In the above example, the liquid crystal is not twisted, but the liquid crystal may be twisted so long as the lattice-like projections and recesses correspond to the polarization direction.

EXAMPLES Example 1

The structure of Example 1 is shown in FIG. 1. On one surface of a glass substrate 1 having a relatively small alkali component having a thickness of 1 mm and a size of 10×10 mm and a refractive index of 1.54, lattice-like projections and recesses 2 having a rectangular cross-section and having a depth of 1.55 μm and a pitch of 9 μm, were formed by a photolithography method and a dry etching method.

Specifically, on one surface of a glass substrate 1 having both surfaces polished, a photoresist is coated by a spin coating method. Then, a photomask having a predetermined pattern is intimately put on the photoresist film, followed by exposure with ultraviolet rays and then by photoresist developing treatment to form a lattice-like pattern of the photoresist on the surface of the transparent substrate. Using the lattice-like pattern of the photoresist as a mask, dry etching was further carried out by means of CF4 gas to form the projections and recesses.

A polyimide film 4 was formed as an alignment film for aligning liquid crystal, on one surface of a second glass substrate 3 having a relatively small alkali component, and rubbing treatment for alignment was carried out. The two glass substrates were laminated so that the surface of the above glass substrate 1 on which the projections and recesses 2 were formed and the surface of the second glass substrate 3 on which the polyimide film 4 was formed, faced each other, and the rubbing direction of the polyimide film 4 and the stripe direction of the above projections and recesses 2 were directed in the same direction, and the periphery of the two glass substrates was sealed with an epoxy resin 5 containing a spherical spacer having a diameter of about 4 μm, except for the inlet for injecting liquid crystal.

Liquid crystal 6 (nematic liquid crystal, P-008, tradename, manufactured by Merck Co., ordinary refractive index: 1.525, extraordinary refractive index: 1.771) was vacuum-injected from the inlet for injecting liquid crystal. At that time, ΔN=0.23, D=1.55 (μm), λ0=678 (nm), and D was set so that DΔN=λ0/2 was satisfied at 35° C.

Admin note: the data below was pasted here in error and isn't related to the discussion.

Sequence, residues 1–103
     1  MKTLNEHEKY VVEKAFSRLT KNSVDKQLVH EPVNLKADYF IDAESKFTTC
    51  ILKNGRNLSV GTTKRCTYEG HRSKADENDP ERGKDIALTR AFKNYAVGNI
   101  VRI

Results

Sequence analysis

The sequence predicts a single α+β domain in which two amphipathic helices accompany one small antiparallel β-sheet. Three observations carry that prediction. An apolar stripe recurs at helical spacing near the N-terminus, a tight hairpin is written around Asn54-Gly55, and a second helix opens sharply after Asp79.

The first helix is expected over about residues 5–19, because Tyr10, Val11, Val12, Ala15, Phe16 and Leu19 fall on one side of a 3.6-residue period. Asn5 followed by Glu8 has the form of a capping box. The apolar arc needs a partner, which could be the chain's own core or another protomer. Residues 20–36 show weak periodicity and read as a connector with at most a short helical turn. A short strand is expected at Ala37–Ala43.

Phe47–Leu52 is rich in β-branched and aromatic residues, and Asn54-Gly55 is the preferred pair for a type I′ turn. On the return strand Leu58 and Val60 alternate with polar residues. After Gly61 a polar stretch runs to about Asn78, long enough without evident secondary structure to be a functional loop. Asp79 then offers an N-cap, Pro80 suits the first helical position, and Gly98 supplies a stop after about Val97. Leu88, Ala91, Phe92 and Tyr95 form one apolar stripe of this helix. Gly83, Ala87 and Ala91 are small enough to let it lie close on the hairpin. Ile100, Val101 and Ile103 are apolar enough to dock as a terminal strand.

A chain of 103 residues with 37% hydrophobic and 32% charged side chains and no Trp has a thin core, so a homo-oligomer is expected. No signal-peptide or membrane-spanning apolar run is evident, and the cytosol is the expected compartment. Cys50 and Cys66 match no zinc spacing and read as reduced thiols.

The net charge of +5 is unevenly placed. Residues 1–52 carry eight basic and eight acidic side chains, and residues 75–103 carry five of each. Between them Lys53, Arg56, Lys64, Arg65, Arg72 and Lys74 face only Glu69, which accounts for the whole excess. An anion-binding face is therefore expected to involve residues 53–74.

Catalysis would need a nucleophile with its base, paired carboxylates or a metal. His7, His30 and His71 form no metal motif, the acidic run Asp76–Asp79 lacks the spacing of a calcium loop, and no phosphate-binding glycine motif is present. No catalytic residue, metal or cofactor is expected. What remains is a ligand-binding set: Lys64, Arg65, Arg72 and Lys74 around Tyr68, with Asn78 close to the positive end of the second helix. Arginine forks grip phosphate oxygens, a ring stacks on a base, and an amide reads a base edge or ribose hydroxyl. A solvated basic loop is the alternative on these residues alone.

On the surface on the opposite side of the polyimide film 4 of the above second glass substrate 3, a quarter-wave film 7 was laminated and bonded by a transparent adhesive, and further a photopolymer 8 to reduce the wave front aberration and a third glass substrate 9 were laminated and bonded thereon to obtain a diffracting element 10. An anti-reflection film by means of a dielectric multilayer film was applied at the light incoming portion 11 from a light source and a light outgoing portion 12 of the diffracting element 10.

As the light source, a semiconductor laser (to be provided below the diffracting element 10 in FIG. 1, not shown) was used, and when P-wave (a polarized light component parallel to the paper surface) having a wavelength of 678 nm was permitted to enter, the transmittance of P-wave was about 97%. Further, the reflected light (circularly polarized light) from an optical disc (to be provided above the diffracting element 10 in FIG. 1, not shown) was changed to S-wave (a polarized light component perpendicular to the paper surface) by the quarter-wave film 7. This S-wave was diffracted by the optically anisotropic diffraction grating, whereby the diffraction efficiency of +first-order (diffraction) light was 33%, and the diffraction efficiency of −first-order (diffraction) light was 33%. As a result, the going efficiency was about 97%, and the go and return efficiency was about 64% (±first-order (diffraction) light detection).

Example 2

Preparation was carried out in the same manner as in Example 1 except that the cross-sectional shapes of the projections and recesses formed in the glass substrate 1 were changed to saw-tooth shapes as shown in FIG. 2. In Example 2, the transmittance of P-wave was about 97%, the diffraction efficiency of +first-order (diffraction) light of S-wave was about 75%, and the diffraction efficiency of −first-order (diffraction) light was about 2%. As a result, the going efficiency was about 97%, and the go and return efficiency was about 73% (±first-order (diffraction) light detection).